Colored regions - Part 2

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Colored regions on the moon's surface: Part 2


Part 1 is an overview of telescopic observations and photographs of subtle colorations on the moon's disc, and orbital observations and photographs performed by Apollo astronauts and previous unmanned orbiters.
Part 2 is a rather curious look at the moon's colors, plus all sorts of rare observing techniques, thoughts, and hypotheses (the possible cause of the reddish-colored Transient Lunar Phenomena, TLP). It is also an enthusiast's look the visual perception of colors.
Part 3 is an exploration of the moon's surface and the variety of subtle colorations on boulders, rocks, and regolith. Photographs by the Apollo astronauts and previous unmanned landers.

Purkinje effect, Earthshine, and Total Lunar Eclipses

In semi-darkness, all colors at and near the red part of the spectrum are seen as "dark", while the colors at and near the blue part of the spectrum are seen as "bright" (the Purkinje effect). The Earthshine on the nocturnal part of the moon's near side (as seen from Earth itself) looks quite bright because of its slightly bluish coloration and the retro-reflectivity of the moon's regolith. On the other hand, during a Total Lunar Eclipse, the reddish/brownish colored lunar disc doesn't look as bright as it really is! (note: the actual brightness of a Total Lunar Eclipse is not always the same, hence the Danjon scale).
Red-orange colored Cool Carbon Stars, such as S-Cephei or T-Lyrae, are typical examples of the "dark" look of red-colored objects observed in darkness. A bluish-white star in the neighbourhood of a red-colored Cool Carbon Star (both the same magnitude) looks much more brighter than the red star.

Curious color-contrast phenomena: the Green Moon and the Blue Moon

- When there's lots of volcanic ash in the upper layers of Earth's atmosphere (after a major volcanic explosion), the colors of the morning- and evening-twilight look very Magenta-red or purple. A crescent moon surrounded by this diffuse purplish twilight glow looks abnormally "green". This greenish coloration is a typical color-contrast phenomenon (Magenta and green are each other's "antipodal" colors on the color-circle).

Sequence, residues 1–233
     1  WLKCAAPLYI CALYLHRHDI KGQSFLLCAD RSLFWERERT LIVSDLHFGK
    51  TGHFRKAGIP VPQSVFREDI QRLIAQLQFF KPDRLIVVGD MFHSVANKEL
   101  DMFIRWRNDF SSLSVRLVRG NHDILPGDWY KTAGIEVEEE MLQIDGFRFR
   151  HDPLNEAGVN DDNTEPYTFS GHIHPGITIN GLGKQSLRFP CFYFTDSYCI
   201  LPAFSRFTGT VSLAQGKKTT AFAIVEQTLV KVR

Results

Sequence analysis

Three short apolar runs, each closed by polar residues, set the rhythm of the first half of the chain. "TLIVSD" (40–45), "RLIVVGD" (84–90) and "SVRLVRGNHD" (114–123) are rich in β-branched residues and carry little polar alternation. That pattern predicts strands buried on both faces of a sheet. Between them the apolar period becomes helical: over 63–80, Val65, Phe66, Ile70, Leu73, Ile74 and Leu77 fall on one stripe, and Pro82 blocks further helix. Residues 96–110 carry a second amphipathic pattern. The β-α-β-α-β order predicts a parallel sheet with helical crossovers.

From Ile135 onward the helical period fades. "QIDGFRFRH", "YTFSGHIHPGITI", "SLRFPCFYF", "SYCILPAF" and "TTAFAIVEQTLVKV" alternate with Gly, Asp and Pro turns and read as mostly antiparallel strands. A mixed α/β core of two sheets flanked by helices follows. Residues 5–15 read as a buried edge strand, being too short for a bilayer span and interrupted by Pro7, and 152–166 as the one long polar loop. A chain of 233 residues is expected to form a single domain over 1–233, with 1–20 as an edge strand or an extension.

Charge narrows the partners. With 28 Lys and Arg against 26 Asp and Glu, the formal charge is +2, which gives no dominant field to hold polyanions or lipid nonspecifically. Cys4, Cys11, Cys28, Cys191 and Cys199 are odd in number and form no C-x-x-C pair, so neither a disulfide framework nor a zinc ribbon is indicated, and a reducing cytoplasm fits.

- Forest fires produce lots of smoke which look remarkably "dirty yellowish". A gibbous moon surrounded by yellowish looking translucent smoke has a typical lilac or blue appearance. This too is a color-contrast phenomenon (Lilac and "dirty yellow" are each other's "antipodal" colors on the color-circle).
See also:
- J.W.Goethe's Farbenlehre.
- M.G.J.Minnaert's Light and Color in the Outdoors.

Albireo (beta Cygni), the Vesuvius, and the Full Moon's remarkable green color

A remarkable observation, printed on pages 99 and 100 of T.W.Webb's Celestial Objects for Common Telescopes, Volume 2; The Stars :
- Beta Cygni (Albireo: yellow-blue).
One of the finest in the heavens. I have seen the colors beautifully by putting the stars out of focus. Sm. observes that they are actually different, not, as may sometimes be the case, complementary, from mere contrast; an effect which is seen when the bright yellow light of a lamp makes the moon appear blue, and which Schm. witnessed to a remarkable degree at his observatory on Vesuvius during the great eruption of '55, when the sky was as green as bottle glass, and the Full Moon a lively green through openings in red clouds of smoke and steam. A similar result may take place with some double stars, but not with all, as is proved by hiding the larger star behind a bar in field. Hence artificial light is misleading in estimating star colors.

Chromatic dispersion phenomena observed shortly after moonrise and/or shortly before moonset

This optical phenomenon is something which could be the cause of many so-called Transient Lunar Phenomena at and near bright high-albedo craters such as Aristarchus. Chromatic dispersion is also the reason why the upper limb of the moon looks remarkably green-blue, while the lower limb looks orange-red, hence the optical effect known as the Green Flash (the sun's upper limb which looks fluorescent green, observed shortly after sunset or shortly before sunrise).